Science - March 31, 2005

Debate / Education

The results of the recently published lecturer evaluation leave no room for doubt. Education in Wageningen is being neglected, at least if you ask the lecturers. They say they are under too much work pressure and the amount of money allotted is too little. But what does this mean for the quality? Are lecturers changing their teaching? Do they still have time for students?

Theo Hendriks, lecturer in Operational Research and Logistics:
‘There are two different issues: money and quality. I did a calculation recently, which showed that the average wage should be sixty euros an hour for lecturing. According to Brascamp (director of the Education Institute OWI, ed.) it’s lower than forty euros. As far as I know there is hardly any chair group that manages with such a low amount. I’ve been here for almost thirty years and we have never had a budget deficit in the group, but the deficits are now so high that the situation looks hopeless. And that is very frustrating. It does not have repercussions on my own teaching. I don’t say, OK there’s no more money so I’m going to stop now. A good evaluation is important, and for a subject like mathematics that requires an extra effort. So, in a way, I’m working in opposition to the model, I place the student and quality first. That the amount of money you get is so little is beyond dispute, but money or no money I put in plenty of hours.’

Laurens Klasen, fifth year student of Food Technology:
‘I don’t think education has declined in the last few years, but neither has it got better. You notice that lecturers are pushed for time, but if you need someone, it’s usually possible to get an appointment. You have to fight for their attention, though. But I guess that’s what university education is for.’

Dr Gosse Schraa, lecturer in Microbiology and teacher of the year 2004:
‘Even if there is not enough money, as a lecturer you want to do the best you can when it comes to teaching. You can’t neglect your responsibilities, and it’s also a question of honour. Now that there’s less money, you spend fewer paid hours on it. Sometimes you hear things like: preparation time can be cut down, or you use stuff you used previously. But that’s not how teaching works. You have to prepare, and that often happens in the extra hours that don’t get recorded by the boss. That’s not such a problem, as long as the situation doesn’t become structural. But I can imagine that there are already chair groups where this is the case and they have to take measures. But I hope that slowly things will change for the better, and that the powers that be start to see the light. I’m also thinking of the decisions recently made by the cabinet. If you want to have good quality graduates in the future, you have to give good quality education and that requires time and money.’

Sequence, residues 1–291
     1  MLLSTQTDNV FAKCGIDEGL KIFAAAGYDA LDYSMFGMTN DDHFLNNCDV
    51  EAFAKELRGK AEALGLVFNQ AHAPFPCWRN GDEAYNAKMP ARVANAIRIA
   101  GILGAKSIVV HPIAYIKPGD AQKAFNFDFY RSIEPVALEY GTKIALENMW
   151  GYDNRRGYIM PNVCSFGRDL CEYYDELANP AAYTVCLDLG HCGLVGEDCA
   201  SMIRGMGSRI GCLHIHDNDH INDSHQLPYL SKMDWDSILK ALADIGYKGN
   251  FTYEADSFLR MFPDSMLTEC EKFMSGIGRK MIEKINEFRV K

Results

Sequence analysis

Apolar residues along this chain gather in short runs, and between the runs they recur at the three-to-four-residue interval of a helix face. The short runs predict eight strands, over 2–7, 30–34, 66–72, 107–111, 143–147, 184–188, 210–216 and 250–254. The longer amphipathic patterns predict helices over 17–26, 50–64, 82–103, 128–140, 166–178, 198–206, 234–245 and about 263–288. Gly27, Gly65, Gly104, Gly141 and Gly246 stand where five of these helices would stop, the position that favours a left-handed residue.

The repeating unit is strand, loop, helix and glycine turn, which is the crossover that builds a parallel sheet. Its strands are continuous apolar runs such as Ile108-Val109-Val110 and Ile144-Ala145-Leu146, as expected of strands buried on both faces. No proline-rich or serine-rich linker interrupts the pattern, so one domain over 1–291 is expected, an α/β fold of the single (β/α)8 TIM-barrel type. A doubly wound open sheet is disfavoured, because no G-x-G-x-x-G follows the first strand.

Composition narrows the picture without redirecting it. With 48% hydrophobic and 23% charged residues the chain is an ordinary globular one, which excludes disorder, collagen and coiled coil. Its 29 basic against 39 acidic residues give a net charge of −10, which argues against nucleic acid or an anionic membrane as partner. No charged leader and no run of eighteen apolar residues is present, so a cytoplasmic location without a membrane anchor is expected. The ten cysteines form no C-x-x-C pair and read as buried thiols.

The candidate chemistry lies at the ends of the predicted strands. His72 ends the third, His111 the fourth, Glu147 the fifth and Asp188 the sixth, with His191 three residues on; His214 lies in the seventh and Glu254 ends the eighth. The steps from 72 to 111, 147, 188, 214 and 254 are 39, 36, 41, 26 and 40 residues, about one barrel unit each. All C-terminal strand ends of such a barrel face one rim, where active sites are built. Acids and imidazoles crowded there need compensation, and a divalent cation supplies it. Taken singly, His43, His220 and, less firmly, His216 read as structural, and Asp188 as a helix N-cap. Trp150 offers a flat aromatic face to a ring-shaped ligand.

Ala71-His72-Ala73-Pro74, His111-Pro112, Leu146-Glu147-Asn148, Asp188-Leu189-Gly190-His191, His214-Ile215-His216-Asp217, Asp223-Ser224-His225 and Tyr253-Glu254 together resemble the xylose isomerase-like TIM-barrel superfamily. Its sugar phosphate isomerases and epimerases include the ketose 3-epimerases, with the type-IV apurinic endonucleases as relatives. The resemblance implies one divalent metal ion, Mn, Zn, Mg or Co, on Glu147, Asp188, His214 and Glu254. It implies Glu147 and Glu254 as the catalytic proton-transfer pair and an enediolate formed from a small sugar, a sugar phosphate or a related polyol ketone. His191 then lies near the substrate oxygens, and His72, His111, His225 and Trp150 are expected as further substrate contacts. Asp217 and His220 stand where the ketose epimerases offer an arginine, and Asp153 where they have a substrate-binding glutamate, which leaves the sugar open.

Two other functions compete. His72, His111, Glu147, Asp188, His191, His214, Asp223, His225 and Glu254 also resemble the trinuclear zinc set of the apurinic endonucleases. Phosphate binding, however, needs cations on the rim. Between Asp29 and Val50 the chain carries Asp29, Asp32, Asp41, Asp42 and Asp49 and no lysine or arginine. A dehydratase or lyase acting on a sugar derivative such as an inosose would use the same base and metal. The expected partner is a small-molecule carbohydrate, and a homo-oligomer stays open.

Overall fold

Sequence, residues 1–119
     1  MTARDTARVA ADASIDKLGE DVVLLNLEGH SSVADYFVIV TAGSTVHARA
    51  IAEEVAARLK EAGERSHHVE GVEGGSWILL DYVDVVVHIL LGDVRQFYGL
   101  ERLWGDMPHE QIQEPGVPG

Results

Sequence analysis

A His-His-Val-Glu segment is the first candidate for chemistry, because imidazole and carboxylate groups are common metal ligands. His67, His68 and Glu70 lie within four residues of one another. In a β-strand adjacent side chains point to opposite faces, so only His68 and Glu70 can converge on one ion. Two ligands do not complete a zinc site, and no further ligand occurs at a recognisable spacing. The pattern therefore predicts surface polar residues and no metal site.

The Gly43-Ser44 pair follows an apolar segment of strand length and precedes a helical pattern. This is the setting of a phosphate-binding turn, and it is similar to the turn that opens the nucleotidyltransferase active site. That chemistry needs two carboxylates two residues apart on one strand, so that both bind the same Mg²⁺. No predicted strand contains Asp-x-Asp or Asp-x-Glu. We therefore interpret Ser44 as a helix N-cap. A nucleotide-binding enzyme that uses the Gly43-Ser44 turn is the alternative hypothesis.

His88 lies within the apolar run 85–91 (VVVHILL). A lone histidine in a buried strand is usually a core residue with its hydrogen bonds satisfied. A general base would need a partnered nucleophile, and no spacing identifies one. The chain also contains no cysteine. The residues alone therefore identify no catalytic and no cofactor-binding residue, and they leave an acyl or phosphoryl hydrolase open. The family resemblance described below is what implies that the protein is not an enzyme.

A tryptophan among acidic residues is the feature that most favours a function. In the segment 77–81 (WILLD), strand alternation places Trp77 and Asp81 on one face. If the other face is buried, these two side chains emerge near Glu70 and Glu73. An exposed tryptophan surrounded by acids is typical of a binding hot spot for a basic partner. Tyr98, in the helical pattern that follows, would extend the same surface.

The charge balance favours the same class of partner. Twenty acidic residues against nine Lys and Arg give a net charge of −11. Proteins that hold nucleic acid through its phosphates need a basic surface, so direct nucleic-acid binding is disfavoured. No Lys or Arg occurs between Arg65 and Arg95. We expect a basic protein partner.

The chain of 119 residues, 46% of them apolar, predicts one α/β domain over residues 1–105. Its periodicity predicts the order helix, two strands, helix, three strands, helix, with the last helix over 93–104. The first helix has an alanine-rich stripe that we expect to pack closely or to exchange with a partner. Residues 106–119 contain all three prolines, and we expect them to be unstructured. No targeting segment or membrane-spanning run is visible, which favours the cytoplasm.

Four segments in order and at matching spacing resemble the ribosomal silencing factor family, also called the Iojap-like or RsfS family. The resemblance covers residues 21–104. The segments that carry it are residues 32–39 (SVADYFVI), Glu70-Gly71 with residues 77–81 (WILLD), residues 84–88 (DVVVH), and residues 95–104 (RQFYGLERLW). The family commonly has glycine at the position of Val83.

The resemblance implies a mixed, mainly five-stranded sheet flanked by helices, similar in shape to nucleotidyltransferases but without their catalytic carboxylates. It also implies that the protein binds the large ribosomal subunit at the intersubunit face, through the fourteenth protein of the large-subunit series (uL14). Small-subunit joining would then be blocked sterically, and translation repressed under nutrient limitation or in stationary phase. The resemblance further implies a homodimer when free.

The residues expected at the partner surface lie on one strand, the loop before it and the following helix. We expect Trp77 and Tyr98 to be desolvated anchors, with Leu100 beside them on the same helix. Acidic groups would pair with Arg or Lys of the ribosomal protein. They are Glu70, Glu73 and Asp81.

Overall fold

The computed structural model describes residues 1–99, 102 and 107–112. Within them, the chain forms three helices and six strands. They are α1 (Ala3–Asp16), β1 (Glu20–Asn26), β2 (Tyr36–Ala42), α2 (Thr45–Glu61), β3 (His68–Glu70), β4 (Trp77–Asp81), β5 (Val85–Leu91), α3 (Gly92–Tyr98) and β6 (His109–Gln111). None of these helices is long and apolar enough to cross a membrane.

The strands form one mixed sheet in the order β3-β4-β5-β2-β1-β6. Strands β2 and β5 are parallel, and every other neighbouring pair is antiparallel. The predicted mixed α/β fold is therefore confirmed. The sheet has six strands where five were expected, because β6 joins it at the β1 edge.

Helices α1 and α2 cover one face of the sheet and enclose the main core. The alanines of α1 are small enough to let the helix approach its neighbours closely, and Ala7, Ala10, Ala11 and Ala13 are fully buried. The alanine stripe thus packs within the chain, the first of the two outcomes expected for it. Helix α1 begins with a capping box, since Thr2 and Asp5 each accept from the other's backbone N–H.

Arjan Wilkens, third-year Master student in Geo-information systems:
‘As a student I haven’t noticed much. Lecturers have little time, though, especially when it comes to being able to see them personally. Of course in an ideal world lecturers would always available for their students, certainly when it comes to group work. Sometimes a question arises, and that delays the entire group in its work. But of course learning to puzzle things out for yourself at university is good for students.’

Roel Dijksma, lecturer and study advisor for Soil, Water and Atmosphere:
‘It’s a shame that such a small amount of the total university budget is spent on education, while I would imagine that should be the main priority of an educational institution. The choice that has been made has an influence on the way in which we can teach subjects and that is proving difficult. We have to keep to the strict financial limits that are churned out of the Brascamp model, and it means we have to adjust our teaching. We have made calculations for the current degree course and for the money we get we will not be able to meet the requirements.’

Jasper Harms